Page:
13. Gerry W. says:

    We enjoy many things that we have not had before, but it comes with a price. We buy cheap goods from third world countries and we lose the jobs for it. China has an advantage towards the Westernized countries as we have big government programs that we have to pay for. We have two wars that we have to pay for. We are all over the world and we are doing too many things and we are not concentrating on running our country. We have two political parties that have no idea in running a country as they are stuck with their ideologies. Our incomes have been stagnate, factories have closed, and the only growth is from companies who laid off people and claim productivity. We also not only have federal deficits and debt, but we also have a high personal debt.

    Steve makes a good point on inequality. It was not that big of a deal before, but now with factories closing and globalization and cheap labor paying a dollar an hour, the middle class cannot survive in this country. We have seen years of failed ideology and it has put us years behind in moving forward.

    And I agree with Russell, things are getting worse.

    I predict that our unemployment will stay high for 10 to 20 years. Our incomes have to come down to third world countries. They won’t tell you in Washington, but I will say it. We did not invest in our country, in our people, and in the future. Hence, the high unemployment and problems we will have in the future.

    The problems we have come directly from democrats and republicans of welfare ideology, of militarism, of laissez-faire in not fixing our problems, of invoking religion in government and not paying attention to fiscal matters, and of those who only believe in the constitution and not doing anything else (laissez-faire).

    Getting on web sites have been a real opener. And all I can say is that democrats are dumb and republicans are a bunch of nuts.

  14. Steve Verdon says:

    Steve makes a good point on inequality. It was not that big of a deal before, but now with factories closing and globalization and cheap labor paying a dollar an hour, the middle class cannot survive in this country. We have seen years of failed ideology and it has put us years behind in moving forward.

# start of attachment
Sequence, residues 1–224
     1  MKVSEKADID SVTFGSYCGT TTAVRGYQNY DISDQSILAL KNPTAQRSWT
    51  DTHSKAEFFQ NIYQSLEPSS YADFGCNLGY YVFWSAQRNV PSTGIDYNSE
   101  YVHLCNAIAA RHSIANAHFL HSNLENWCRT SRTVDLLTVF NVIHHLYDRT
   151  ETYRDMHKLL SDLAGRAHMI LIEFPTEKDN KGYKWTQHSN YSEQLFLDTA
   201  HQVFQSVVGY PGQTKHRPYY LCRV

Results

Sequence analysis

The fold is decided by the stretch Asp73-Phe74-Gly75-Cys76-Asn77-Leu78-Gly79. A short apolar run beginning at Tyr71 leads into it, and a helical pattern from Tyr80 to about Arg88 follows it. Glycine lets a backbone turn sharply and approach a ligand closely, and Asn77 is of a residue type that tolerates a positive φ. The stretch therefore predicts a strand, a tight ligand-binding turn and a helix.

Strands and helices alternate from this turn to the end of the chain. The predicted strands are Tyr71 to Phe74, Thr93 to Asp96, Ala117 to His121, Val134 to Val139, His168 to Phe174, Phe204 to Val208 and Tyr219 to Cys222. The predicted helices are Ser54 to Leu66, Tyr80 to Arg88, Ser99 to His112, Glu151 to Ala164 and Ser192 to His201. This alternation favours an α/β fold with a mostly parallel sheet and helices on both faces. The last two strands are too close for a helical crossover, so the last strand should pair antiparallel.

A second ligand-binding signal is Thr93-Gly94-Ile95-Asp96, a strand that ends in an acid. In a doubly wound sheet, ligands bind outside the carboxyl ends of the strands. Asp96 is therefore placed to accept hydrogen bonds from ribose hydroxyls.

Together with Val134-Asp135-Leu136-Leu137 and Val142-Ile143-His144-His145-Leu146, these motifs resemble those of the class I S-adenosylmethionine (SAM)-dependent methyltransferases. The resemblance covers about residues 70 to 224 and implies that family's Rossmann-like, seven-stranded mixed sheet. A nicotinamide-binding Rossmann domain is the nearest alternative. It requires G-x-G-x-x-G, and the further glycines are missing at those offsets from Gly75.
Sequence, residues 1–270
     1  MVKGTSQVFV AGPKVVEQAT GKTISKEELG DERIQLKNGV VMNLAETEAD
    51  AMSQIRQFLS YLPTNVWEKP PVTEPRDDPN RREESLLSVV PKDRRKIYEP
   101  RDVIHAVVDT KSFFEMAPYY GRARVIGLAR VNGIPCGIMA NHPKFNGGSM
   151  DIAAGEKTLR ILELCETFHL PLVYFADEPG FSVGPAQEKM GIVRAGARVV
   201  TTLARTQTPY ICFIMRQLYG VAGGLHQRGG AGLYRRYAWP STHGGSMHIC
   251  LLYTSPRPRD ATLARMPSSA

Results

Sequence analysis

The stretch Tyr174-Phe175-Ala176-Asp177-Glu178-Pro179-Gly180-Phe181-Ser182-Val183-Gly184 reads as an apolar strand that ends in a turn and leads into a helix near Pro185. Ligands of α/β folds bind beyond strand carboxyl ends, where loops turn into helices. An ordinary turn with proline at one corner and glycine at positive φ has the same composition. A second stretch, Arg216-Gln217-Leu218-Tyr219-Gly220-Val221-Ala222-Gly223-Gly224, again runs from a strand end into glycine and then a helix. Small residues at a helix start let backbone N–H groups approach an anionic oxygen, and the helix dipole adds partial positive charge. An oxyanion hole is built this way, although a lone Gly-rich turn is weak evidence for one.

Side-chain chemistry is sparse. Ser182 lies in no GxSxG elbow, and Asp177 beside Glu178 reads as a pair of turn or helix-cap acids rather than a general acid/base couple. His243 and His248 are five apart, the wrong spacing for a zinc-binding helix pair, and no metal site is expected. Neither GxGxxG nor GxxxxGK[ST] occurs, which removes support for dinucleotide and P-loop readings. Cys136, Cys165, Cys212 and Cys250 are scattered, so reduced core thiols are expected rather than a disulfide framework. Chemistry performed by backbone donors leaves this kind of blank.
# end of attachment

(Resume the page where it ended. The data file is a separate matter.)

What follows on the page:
Please stop with the Dobbsian stuff here. Technological advancement and innovation is the biggest job killer ever. The advent of the mechanical computer put many human computers out of work. Technological innovation and advancement put many a farmer out of business.

    Globalization is not going to wreck the economy. Promoting more trade is usually a way to increase the number of jobs. Reducing trade on the other hand tends to decrease the number of jobs. Yes, low skilled jobs will go over seas, and even some higher skilled jobs as other countries “catch up” to the U.S. in terms of skilled workers in their labor force increases. But this idea that unemployment will become permanent is just nowhere supported by the evidence.

    We tried the protectionist stuff back in the 1930’s and it helped deepen and lengthen that down turn in the economy. Lets not do it again.

  15. Michael Reynolds says:

    I’m certainly not arguing that Marxists are correct. Particularly in their anthropology which seems to hold that humans will work just as hard for someone else’s necessities as they will for their own luxuries.

    Yet, they would have their own array of counterarguments suggesting that man as he is is the product of a system they hope to change. And that in changing the economic system they would change man’s notions of work and incentives.

    Of what use is an economic theory that cannot be put into practice as policy? How can it be tested? Isn’t it possible to create an economic prescription that works perfectly in the abstract but fails when it comes into contact with reality? Isn’t it also possible to imagine a theory that fails in the abstract but when applied to reality, when it is in effect modified by reality, yields a good result?